Wednesday, December 12, 2007

When One Man Dies by Dave White

I got an unexpected ARC in the mail in September: Dave White's When One Man Dies. Intrigued by the quotes on the back, I started it right away. Unfortunately, I couldn't get past page 10. This is a good example of how a distracting "surface" (an author's style) can get in the way of the appreciation of deeper matters like character and story.

I have a few pet peeves in fiction, and one of them is long-windedness. Stating the same thing, reworded, in two (or three) consecutive sentences. Or letting characters spend five paragraphs talking about what's on the jukebox if they do nothing but agree with each other — that doesn't tell me anything more about them than I already knew.

Another thing that has unfortunately become very popular is an author's thinking that real-world dialogue is the same as realistic fiction dialogue. People in real life mutter and "um" and take forever to get to the point, but this is grating in a novel. If your characters state everything I need to know in two sentences of a conversation, the rest can safely be cut. I like a little color in my characters as much as anybody, but it needs to be carefully folded into an already tight text.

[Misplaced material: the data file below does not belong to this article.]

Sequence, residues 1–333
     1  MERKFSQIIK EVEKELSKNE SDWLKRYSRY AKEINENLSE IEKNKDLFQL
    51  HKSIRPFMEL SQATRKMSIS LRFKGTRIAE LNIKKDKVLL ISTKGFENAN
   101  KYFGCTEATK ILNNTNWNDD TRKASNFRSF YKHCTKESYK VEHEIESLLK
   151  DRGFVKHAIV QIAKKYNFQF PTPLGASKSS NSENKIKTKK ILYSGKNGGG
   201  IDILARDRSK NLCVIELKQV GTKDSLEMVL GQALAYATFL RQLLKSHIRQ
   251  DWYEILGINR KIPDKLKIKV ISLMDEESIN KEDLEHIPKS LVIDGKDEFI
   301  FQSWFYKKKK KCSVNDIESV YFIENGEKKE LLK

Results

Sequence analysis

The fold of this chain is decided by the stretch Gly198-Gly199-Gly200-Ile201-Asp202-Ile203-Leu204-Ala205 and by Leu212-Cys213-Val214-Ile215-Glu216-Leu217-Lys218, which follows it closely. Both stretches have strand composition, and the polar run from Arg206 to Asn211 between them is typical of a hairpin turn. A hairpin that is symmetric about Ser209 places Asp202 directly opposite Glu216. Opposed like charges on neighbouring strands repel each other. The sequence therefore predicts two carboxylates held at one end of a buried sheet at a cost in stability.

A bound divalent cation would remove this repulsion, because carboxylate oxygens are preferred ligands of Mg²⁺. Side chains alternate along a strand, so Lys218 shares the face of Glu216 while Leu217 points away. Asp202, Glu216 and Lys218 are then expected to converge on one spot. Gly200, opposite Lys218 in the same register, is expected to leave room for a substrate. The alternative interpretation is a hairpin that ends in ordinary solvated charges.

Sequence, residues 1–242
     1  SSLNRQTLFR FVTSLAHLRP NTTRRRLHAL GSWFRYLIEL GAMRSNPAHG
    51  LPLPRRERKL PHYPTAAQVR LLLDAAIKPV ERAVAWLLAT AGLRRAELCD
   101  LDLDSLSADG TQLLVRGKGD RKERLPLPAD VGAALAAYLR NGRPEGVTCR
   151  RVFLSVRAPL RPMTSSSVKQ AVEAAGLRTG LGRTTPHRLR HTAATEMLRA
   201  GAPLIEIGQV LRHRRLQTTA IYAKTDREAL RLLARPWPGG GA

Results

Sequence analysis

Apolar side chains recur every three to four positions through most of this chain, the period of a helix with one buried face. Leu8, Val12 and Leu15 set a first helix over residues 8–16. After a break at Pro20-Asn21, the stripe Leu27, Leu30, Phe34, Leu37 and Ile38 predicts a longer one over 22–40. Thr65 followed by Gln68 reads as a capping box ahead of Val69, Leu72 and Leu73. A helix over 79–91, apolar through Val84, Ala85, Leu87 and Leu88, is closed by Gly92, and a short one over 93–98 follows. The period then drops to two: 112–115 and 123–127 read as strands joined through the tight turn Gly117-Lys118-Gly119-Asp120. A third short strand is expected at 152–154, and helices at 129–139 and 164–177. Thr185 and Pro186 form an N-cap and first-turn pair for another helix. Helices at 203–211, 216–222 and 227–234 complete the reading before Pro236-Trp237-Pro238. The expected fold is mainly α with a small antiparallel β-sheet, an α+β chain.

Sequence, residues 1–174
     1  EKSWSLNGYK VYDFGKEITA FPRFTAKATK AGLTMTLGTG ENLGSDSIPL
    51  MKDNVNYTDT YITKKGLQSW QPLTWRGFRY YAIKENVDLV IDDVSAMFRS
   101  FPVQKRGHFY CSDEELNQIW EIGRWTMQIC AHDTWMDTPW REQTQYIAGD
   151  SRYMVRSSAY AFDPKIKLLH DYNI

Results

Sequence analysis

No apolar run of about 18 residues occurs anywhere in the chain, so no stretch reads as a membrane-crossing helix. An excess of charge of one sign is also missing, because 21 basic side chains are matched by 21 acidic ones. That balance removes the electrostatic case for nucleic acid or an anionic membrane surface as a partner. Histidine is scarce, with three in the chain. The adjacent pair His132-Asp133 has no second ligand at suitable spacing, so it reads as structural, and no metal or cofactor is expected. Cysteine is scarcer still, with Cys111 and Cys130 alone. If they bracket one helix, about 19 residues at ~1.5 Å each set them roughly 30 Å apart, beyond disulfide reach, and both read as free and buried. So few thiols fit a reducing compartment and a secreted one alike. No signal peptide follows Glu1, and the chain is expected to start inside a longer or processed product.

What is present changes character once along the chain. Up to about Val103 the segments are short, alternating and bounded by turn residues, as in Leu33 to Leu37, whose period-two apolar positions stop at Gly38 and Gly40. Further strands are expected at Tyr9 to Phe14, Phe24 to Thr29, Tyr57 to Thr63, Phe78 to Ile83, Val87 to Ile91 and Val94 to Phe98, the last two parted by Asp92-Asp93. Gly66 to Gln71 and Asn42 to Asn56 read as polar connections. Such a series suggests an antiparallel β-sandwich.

Style and voice are subjective things that we react to individually. Obviously, based on the blurbs, other people really enjoyed When One Man Dies, so your experience may be different from mine. But I won't be going any further with it. And this is unfortunate, because the relationship between the young P.I. and the older gent intrigued me.

Update: Though I only got to page 10, I am reassured that page 69 is no improvement.

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